Economy of concrete structures begins in the design development
stage with designers who have a good understanding of formwork
logic. Often, two or more structural alternatives will meet the design
objective equally well. However, one alternative may be significantly
less expensive to build. Constructability, that is, making structural
frames faster, simpler, and less costly to build, must begin in the earliest
phase of the design effort.
Economy in formwork begins with the design of a structure and
continues through the selection of form materials, erection, stripping,
care of forms between reuses, and reuse of forms, if any. When a
building is designed, consideration should be given to each of the
following methods of reducing the cost of formwork:
1. Prepare the structural and architectural designs simultaneously.
If this is done, the maximum possible economy in
formwork can be ensured without sacrificing the structural
and architectural needs of the building.
2. At the time a structure is designed, consider the materials
and methods that will be required to make, erect, and remove
the forms. A person or computer-aided drafting and design
(CADD) operator can easily draw complicated surfaces, connections
between structural members, and other details;
however, making, erecting, and removing the formwork may
3. If patented forms are to be used, design the structural members
to comply with the standard dimensions of the forms
that will be supplied by the particular form supplier who will
furnish the forms for the job.
4. Use the same size of columns from the foundation to the roof,
or, if this is impracticable, retain the same size for several
floors. Adopting this practice will permit the use of beam and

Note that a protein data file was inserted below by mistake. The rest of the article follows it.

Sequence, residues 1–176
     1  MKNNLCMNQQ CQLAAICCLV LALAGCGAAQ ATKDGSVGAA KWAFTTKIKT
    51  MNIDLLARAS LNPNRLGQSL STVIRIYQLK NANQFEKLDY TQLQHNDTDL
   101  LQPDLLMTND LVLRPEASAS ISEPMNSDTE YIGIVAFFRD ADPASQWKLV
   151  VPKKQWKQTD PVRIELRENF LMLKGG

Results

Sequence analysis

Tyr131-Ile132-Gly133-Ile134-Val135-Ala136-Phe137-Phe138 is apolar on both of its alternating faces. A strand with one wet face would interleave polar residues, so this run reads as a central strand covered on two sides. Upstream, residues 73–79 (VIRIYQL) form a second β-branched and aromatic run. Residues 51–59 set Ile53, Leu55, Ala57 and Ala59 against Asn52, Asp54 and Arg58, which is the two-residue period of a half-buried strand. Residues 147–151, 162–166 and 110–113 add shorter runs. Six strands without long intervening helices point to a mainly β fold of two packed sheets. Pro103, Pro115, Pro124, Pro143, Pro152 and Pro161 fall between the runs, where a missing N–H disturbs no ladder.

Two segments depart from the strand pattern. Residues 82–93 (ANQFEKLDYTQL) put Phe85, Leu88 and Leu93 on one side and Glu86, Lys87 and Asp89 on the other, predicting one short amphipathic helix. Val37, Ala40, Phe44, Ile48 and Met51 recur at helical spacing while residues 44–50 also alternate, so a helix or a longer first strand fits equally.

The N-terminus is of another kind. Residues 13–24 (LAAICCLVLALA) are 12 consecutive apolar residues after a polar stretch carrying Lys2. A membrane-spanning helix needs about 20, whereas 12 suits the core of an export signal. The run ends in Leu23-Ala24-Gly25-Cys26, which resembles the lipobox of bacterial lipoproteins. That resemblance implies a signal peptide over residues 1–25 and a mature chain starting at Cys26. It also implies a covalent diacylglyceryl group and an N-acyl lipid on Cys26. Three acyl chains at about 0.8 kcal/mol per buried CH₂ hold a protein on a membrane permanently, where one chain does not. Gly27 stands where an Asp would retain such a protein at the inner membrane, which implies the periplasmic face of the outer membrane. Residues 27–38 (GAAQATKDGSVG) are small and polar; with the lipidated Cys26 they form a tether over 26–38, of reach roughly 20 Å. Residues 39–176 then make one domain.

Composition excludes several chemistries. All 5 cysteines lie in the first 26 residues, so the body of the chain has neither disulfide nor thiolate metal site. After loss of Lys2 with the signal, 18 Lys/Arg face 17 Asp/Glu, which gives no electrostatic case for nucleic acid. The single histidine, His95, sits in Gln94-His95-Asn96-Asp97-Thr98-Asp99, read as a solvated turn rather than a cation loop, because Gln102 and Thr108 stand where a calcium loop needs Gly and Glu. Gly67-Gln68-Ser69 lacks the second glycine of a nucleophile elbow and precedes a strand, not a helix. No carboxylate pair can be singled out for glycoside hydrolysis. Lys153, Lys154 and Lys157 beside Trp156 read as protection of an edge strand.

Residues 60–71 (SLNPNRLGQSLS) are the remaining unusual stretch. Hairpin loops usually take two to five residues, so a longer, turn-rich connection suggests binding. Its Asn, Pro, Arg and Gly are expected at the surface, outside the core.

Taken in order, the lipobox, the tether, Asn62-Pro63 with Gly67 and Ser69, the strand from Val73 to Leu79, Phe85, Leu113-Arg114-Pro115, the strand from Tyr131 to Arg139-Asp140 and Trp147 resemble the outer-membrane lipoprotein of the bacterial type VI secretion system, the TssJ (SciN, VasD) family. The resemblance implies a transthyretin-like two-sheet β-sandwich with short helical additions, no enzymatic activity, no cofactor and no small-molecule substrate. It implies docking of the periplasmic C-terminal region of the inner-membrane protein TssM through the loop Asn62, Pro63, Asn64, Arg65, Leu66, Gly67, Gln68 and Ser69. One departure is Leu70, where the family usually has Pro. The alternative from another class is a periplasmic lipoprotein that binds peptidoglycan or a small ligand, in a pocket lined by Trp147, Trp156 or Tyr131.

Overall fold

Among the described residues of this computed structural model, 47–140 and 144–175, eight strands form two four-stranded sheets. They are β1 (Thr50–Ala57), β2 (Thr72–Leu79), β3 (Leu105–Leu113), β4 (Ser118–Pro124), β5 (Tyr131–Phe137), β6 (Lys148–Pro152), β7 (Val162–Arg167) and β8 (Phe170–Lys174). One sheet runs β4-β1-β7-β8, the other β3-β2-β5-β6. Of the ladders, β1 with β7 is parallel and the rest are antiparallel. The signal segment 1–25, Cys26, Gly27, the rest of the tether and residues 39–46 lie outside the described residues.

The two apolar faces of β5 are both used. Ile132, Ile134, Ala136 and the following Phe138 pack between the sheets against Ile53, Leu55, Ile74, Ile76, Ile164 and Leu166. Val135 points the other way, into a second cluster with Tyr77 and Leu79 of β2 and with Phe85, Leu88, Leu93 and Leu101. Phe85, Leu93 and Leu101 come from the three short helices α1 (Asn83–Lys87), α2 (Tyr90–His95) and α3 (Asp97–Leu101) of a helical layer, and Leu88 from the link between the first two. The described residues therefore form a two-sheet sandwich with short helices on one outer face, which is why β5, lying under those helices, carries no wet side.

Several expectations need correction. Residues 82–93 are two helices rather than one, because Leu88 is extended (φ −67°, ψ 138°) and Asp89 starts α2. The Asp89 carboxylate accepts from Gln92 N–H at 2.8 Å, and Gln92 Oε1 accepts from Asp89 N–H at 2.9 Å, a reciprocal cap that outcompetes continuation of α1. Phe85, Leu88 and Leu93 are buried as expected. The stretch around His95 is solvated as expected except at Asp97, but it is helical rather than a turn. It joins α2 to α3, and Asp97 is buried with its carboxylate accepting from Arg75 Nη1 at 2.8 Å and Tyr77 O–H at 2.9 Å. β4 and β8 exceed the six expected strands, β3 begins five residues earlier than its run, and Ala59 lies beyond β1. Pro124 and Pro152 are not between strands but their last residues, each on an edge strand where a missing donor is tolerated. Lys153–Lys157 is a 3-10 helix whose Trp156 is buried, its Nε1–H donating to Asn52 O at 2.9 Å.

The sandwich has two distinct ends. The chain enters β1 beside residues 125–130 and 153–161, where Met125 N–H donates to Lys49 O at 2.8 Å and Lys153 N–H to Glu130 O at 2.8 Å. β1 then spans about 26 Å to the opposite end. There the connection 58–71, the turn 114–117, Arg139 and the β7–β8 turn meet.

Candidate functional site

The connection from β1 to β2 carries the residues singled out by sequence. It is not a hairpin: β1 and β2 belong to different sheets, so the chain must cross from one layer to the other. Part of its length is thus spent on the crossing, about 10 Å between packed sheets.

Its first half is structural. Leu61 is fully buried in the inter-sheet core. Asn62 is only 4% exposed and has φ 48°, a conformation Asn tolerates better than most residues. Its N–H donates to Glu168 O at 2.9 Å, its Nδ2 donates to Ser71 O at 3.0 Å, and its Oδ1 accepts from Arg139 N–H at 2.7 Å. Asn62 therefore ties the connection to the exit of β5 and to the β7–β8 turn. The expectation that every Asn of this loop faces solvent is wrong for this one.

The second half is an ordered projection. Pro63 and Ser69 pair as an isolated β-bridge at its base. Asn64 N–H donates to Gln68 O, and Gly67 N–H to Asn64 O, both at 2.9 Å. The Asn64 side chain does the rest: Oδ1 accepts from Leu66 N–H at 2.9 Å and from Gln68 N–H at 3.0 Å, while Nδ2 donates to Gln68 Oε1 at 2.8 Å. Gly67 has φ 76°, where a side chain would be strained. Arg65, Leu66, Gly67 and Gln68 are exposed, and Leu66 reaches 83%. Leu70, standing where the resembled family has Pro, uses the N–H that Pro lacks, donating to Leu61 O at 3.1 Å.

column forms without alteration.
5. Space columns uniformly throughout the building as much
as possible or practicable. If this is not practicable, retaining
the same position from floor to floor will result in economy.
6. Where possible, locate the columns so that the distances between
adjacent faces will be multiples of 4 ft plus 1 in., to permit the
unaltered use of 4-ft-wide sheets of plywood for slab decking.
7. Specify the same widths for columns and column-supported
girders to reduce or eliminate the cutting and fitting of girder
forms into column forms.
8. Specify beams of the same depth and spacing on each floor
by choosing a depth that will permit the use of standard sizes of
lumber, without ripping, for beam sides and bottoms, and
for other structural members.
It is obvious that a concrete structure is designed to serve specific
purposes, that is, to resist loads and deformations that will be applied
to the structure, and to provide an appearance that is aesthetically
pleasing. However, for such a structure, it frequently is possible to
modify the design slightly to achieve economy without impairing the
usability of the structure. The designer can integrate constructability
into the project by allowing three basic concepts: design repetition,
dimensional standards, and dimensional consistency. Examples of
these concepts, excerpted from ref. , are presented in this chapter
to illustrate how economy in formwork may be affected.